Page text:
Four-year wait for Australian Super League

Rugby League

Rugby League

DAVE HADFIELD

The worst fears of Rupert Murdoch's News Limited have been confirmed by a judge's ruling that Super League in Australia cannot start before the year 2000.

There is no legal barrier to the parallel Super League in Europe starting on schedule on 29 March, although there must be doubts now over whether Murdoch will pump money into the game here for four seasons while waiting to start up in Australia.

"As far as I am concerned we have won," said Ken Arthurson, the chairman of the Australian , which has successfully fought off the attempt to set up a rebel competition.

News Limited is to appeal and the company is applying for a stay of the orders against it today, but its most gloomy prognoses have come true with the series of judgments handed down by Judge James Burchett in Sydney yesterday.

It has been ordered to send the players it signed back to their ARL clubs, although News Limited will have to continue to honour contract payments to those players.

The eight clubs which tried to break away to join Super League have been told they must "assemble, train and consistently field the best possible teams...in the national [ARL] competition until 31 December, 1999." In all probability, that marks the end of the Super League dream in Australia.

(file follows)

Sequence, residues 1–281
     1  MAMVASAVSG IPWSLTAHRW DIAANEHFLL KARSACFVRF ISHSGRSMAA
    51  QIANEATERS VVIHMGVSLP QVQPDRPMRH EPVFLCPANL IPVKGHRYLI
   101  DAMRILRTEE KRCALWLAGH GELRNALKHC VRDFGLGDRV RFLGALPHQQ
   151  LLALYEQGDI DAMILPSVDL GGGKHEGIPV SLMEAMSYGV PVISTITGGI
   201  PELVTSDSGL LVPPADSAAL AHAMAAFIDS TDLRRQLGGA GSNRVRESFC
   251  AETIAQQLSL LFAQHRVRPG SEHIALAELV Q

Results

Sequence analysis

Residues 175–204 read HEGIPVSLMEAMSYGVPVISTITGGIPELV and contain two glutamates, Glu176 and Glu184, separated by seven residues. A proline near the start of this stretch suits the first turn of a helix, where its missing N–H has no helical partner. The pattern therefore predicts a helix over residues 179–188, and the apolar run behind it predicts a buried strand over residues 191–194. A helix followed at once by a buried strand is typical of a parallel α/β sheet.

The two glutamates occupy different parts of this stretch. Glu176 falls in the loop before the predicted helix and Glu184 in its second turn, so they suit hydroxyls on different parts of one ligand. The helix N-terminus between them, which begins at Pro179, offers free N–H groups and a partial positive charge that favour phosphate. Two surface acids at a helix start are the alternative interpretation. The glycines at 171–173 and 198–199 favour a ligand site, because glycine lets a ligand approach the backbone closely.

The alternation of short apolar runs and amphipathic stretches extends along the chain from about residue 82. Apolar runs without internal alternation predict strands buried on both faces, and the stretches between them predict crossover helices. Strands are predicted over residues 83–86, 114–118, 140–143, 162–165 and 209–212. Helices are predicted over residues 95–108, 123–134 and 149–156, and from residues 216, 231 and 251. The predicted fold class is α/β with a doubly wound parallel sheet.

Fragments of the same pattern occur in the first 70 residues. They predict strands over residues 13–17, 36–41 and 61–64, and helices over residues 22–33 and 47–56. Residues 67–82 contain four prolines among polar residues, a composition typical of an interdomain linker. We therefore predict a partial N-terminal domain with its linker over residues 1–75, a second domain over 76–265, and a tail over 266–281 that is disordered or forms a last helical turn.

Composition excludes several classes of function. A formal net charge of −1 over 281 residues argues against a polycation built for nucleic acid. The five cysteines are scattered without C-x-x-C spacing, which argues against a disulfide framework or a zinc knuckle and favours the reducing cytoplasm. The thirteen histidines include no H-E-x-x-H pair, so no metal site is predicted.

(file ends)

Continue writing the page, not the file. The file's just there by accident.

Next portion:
The implications for the rest of the world are partly contained in an order that says: "Super League players are banned from taking part in or promoting any games conducted by the Rugby Football League in England or including any of its clubs."

That not only appears to prevent News Limited hiving off any Australian Super League players to its British competition, it also kills off any prospect of a Super League World Club Championship.

Those are the circumstances under which, according to an affidavit from the RFL tabled in Sydney, News Limited would have grounds for pulling out of its European contract. Despite that, the League here was still claiming yesterday that it had narrowly escaped something even worse.

"Our lawyers advised us that we came perilously close to the dangerous situation of having European Super League stopped," the RFL's chief executive, Maurice Lindsay, said.

"Clearly Super League in Australia has had the set-back of not being able to commence, but an appeal is to be heard quickly and we will be monitoring events. For the moment, we will devote all our attention to ensuring that the European Super League is a success."

News Limited's chief executive, Ken Cowley, said that Judge Burchett's ruling was fundamentally unsound and that a successful appeal could still allow Super League to start this year.

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